Japanese sumo wrestlers are competing in South Korea for the first time since the country was freed from Japan's rule in 1945. The tournament is part of a recent effort to build better cultural ties and improve relations between the two countries.
Japan's 40 leading sumo wrestlers received a warm welcome from thousands of sports fans as they battled each other in Seoul's Jangchung stadium.
The spectators watched the huge wrestlers clap, stamp and throw salt on the ring as part of an ancient rite of purification. They cheered as the massive men fought each other in the exhibition tournament - the first in South Korea in nearly 60 years.
Japan's grand champion Asashoryu, just 23 years old, easily won the first two days of matches on Saturday and Sunday. He thanked his hosts - in Korean - for staging the event. He says he appreciates all the applause at the Seoul tournament.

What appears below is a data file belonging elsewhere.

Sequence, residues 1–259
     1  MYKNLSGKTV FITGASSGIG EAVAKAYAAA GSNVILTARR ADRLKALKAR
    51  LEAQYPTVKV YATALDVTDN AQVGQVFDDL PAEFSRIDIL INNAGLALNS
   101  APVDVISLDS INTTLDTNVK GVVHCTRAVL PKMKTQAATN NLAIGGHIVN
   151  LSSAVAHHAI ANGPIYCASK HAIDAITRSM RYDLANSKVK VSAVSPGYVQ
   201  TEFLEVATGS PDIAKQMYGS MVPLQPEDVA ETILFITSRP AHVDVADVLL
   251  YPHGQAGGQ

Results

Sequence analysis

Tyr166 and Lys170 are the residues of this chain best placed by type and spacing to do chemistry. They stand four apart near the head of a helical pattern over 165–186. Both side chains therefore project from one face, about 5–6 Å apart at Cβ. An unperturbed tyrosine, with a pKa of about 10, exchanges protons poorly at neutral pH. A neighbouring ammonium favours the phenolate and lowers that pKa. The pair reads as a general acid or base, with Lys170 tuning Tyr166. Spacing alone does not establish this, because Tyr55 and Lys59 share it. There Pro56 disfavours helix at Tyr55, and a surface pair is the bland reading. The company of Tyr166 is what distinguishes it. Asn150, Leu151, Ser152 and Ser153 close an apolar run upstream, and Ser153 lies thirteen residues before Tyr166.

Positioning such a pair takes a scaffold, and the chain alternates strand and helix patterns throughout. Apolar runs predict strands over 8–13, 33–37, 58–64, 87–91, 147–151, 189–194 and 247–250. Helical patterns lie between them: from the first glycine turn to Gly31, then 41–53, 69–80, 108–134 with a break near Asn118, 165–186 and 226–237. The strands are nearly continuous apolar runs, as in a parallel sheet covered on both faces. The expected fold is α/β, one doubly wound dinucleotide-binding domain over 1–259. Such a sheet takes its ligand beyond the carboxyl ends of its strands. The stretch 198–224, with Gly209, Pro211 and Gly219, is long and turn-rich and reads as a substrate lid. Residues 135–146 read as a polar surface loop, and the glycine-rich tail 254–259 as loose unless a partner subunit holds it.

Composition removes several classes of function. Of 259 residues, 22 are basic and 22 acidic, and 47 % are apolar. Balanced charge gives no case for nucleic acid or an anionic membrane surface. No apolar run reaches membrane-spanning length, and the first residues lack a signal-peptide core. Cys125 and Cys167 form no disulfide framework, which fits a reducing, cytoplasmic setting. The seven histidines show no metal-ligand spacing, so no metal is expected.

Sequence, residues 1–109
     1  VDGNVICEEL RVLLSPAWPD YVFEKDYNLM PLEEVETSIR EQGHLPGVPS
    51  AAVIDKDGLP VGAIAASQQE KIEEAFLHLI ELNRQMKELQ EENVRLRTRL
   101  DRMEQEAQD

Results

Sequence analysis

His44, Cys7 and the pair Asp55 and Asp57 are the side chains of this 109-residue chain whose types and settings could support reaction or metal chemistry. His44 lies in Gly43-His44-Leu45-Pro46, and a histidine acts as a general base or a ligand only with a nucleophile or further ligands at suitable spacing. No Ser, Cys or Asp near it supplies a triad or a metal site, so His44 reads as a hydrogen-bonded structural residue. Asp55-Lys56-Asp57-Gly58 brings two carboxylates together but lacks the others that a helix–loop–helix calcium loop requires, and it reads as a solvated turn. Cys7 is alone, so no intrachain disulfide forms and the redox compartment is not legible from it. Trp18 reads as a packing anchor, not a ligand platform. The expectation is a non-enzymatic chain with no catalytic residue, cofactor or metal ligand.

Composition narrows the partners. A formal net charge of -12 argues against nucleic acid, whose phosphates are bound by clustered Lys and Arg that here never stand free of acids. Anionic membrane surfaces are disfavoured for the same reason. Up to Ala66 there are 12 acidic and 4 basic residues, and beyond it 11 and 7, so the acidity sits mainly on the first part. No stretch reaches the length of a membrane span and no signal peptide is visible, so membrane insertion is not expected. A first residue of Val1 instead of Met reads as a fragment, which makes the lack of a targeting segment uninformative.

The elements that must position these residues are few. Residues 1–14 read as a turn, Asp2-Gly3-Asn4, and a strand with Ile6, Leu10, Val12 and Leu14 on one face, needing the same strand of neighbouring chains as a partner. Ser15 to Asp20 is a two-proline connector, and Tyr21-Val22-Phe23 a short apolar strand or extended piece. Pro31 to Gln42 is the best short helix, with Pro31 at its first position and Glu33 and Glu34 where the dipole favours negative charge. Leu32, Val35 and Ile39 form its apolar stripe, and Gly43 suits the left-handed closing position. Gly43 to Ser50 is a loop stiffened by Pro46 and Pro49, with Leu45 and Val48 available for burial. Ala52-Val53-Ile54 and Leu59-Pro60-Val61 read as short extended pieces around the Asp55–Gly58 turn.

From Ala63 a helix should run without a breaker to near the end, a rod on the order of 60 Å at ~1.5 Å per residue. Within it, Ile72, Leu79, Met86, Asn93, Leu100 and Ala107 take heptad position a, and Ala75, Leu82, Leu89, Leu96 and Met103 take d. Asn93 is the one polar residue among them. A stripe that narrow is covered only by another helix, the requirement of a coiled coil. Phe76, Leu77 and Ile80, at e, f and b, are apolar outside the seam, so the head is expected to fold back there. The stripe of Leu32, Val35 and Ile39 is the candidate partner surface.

But this series of matches is much more than a sports event - it is an attempt to build a cultural bridge between two nations, after decades of ambivalence and mistrust.
This is the first time that Japan's national sport has been displayed in South Korea since the end of Tokyo's brutal 35-year colonial rule of the Korean Peninsula in 1945. During its occupation, Tokyo tried to stamp out Korea's cultural identity and even forbid people from practicing a Korean sport similar to sumo, called ssireum.
When the occupation ended, Japanese arts - music, dance, even literature - were banned in South Korea. Seoul has slowly been lifting the restrictions, and the sumo tournament follows South Korea's decision to allow broadcasts of Japanese television programs.
Sumo officials in Japan pitched the idea of the match after South Korea and Japan were co-hosts of the football World Cup in 2002.
Sumo, unlike football, is a unique Japanese sport, which traces its origin back to ancient rituals related to Shinto, the national religion.
South Korea rewarded champion Asashoryu on Sunday with a year's supply of a traditional South Korean liquor made from rice, and of kim-chi, the spicy pickled cabbage that is one of South Korea's best-known foods. Outside of the stadium, spectators had a chance to taste the sumo wrestler's staple food- a rich stew called chanko-nabe, made with meat, tofu and vegetables.
The tournament continues Wednesday in the southeastern city of Busan.